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This question:

Are spacecrafts single-use?

has gotten three answers, a lot of votes (Q and As) and has attracted attention via HNQ, but no one has mentioned that it is a very simple question with an easily findable answer and it shows no research or thought at all.

Are we ok with tweet-sized questions with no research? I'd normally ask the OP to improve the question on one of my higher-rep sites, but some very high rep users posted answers and didn't say anything.

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    $\begingroup$ We are generally a little more forgiving here about lack of prior research in questions as long as the question is 1) Clear and answerable, 2) not answered within the first page or two of a Google search, and 3) not easily answered on a Wikipedia page of a similar name (i.e. in this case "spacecraft"). $\endgroup$ – called2voyage Mar 2 '18 at 18:13
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    $\begingroup$ However, to answer your title question, we do moderate questions here for a lot of other reasons. $\endgroup$ – called2voyage Mar 2 '18 at 18:13
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    $\begingroup$ Also, in the case of #2 and #3 if the Google or Wikipedia answer is not satisfactory (questionable, overly brief, lack of sources, etc.), then we might still be interested in the question. $\endgroup$ – called2voyage Mar 2 '18 at 18:18
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    $\begingroup$ Oh, I also forgot to mention that the question can't be a duplicate of another question here--but that should be a given! $\endgroup$ – called2voyage Mar 2 '18 at 18:24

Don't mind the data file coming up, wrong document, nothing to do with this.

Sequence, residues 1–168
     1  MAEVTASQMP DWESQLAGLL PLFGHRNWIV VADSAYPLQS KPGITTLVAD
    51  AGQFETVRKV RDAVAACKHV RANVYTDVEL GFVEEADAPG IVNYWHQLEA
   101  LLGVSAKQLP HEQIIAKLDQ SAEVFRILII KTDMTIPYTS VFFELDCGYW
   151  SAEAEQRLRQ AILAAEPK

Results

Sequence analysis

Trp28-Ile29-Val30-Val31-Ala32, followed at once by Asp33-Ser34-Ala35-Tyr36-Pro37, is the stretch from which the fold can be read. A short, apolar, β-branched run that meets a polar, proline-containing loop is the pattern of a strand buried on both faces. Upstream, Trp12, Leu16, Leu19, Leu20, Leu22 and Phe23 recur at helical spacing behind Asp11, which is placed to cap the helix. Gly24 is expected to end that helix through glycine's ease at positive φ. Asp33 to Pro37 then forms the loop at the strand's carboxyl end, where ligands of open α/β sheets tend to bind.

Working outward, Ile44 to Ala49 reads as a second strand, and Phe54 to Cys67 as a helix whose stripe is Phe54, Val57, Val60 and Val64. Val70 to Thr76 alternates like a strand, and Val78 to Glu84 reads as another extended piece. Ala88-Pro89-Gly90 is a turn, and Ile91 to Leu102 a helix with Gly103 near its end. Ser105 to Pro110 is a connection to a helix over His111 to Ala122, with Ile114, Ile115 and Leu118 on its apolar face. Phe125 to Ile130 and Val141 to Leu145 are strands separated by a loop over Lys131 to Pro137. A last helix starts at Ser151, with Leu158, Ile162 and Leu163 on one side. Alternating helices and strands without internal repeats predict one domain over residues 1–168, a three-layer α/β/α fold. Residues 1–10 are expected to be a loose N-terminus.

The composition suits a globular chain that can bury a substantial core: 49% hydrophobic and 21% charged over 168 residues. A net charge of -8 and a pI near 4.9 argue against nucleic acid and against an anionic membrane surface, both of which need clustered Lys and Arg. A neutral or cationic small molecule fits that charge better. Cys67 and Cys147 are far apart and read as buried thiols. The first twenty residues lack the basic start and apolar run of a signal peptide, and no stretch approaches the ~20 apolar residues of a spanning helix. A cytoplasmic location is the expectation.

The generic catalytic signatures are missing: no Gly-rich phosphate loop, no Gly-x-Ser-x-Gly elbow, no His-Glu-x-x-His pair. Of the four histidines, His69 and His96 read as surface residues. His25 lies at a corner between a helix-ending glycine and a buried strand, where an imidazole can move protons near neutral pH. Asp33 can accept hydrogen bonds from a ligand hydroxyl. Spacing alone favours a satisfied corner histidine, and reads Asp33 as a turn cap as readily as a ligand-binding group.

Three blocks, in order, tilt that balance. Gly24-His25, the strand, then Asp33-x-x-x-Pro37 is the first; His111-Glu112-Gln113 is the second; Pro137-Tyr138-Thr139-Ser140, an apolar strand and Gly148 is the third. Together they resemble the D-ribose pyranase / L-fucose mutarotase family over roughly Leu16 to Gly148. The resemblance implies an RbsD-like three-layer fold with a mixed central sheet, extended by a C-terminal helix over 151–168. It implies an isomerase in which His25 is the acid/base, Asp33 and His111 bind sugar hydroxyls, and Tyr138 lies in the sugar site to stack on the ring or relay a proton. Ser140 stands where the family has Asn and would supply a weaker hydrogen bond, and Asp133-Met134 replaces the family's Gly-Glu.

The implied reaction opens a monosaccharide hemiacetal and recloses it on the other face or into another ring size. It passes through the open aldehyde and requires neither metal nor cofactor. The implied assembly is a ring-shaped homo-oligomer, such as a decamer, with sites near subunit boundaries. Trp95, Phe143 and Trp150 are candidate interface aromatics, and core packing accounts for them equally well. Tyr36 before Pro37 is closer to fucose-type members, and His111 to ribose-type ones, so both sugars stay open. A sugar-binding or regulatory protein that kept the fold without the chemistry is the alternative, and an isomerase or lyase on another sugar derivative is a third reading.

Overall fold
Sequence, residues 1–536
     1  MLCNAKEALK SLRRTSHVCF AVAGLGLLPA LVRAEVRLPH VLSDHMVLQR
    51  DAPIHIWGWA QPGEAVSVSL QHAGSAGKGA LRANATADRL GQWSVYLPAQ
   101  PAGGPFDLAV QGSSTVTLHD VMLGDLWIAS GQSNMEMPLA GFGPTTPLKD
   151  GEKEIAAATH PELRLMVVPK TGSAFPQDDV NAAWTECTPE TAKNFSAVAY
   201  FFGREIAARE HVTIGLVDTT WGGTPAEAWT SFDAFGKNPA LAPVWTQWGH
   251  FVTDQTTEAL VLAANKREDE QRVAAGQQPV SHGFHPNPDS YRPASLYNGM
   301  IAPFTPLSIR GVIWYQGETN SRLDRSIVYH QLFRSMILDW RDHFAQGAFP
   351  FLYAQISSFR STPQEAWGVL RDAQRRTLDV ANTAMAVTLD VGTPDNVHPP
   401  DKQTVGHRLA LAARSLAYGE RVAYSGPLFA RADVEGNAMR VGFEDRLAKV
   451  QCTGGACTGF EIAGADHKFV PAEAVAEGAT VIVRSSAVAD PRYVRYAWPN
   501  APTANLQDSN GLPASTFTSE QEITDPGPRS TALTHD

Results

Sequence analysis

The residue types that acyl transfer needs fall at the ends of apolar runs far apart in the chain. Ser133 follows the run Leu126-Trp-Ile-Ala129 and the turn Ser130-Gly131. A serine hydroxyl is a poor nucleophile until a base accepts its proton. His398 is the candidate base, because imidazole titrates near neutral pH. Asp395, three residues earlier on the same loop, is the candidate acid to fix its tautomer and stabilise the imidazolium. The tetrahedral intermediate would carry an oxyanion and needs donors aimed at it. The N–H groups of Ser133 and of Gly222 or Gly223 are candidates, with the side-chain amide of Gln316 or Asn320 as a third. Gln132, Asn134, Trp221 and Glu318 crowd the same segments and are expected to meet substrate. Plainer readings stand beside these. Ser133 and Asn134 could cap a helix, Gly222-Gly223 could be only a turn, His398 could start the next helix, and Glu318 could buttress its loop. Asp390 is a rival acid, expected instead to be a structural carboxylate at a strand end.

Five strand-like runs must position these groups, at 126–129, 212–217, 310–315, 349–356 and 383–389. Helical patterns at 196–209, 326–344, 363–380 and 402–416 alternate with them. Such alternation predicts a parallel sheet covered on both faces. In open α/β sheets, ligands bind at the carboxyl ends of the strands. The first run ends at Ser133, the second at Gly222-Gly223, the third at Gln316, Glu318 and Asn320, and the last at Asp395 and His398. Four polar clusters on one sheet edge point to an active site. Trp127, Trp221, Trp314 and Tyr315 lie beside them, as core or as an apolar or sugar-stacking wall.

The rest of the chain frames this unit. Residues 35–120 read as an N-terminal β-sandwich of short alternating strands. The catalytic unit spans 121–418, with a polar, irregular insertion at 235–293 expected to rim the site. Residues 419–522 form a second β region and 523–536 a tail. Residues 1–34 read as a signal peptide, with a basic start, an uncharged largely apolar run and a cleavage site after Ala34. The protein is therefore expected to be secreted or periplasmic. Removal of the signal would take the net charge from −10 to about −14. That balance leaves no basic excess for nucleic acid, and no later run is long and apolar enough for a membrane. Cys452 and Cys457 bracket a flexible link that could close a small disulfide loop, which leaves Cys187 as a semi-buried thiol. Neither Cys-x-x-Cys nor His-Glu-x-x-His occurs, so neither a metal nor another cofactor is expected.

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Most of the SE sites (especially ones in beta, like Space.SE) need questions. Now, on SO I'm a lot more discriminating on answers (mostly because people are lazy and ask the same junk over and over) but here we need some permissiveness.

Unless it's a dupe, if it's on-topic I say it's fair game. Sometimes the best questions are the most basic.

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This particular question has interesting aspects which helped it make it pass muster. Also, it's seems fair to suppose the asker just didn't know what term to search for to get the answer to their question. 'Single-use rockets' yields nothing relevant. 'Reusable rocket' yields a list of high quality reports that go into all the aspects. One could have simply told them what to search for and then closed the question.

However, it is the sort of question it is tempting to answer, because there is a vast public out there who only occasionally get interested in space exploration, and this was a chance to quickly introduce them to key concepts in a digestible way. The answers now neatly fill a gap by very briefly explaining that reusability is very hard, no system is fully reusable, and the task is even harder as payloads and velocities increase. The answer it required was complex enough to be interesting, and remains undocumented in neat brief formats like SE.

I agree with what Machavity and called2voyage have said, but I note that the question continues to have 3 times the votes as the answer, so I added a bit.

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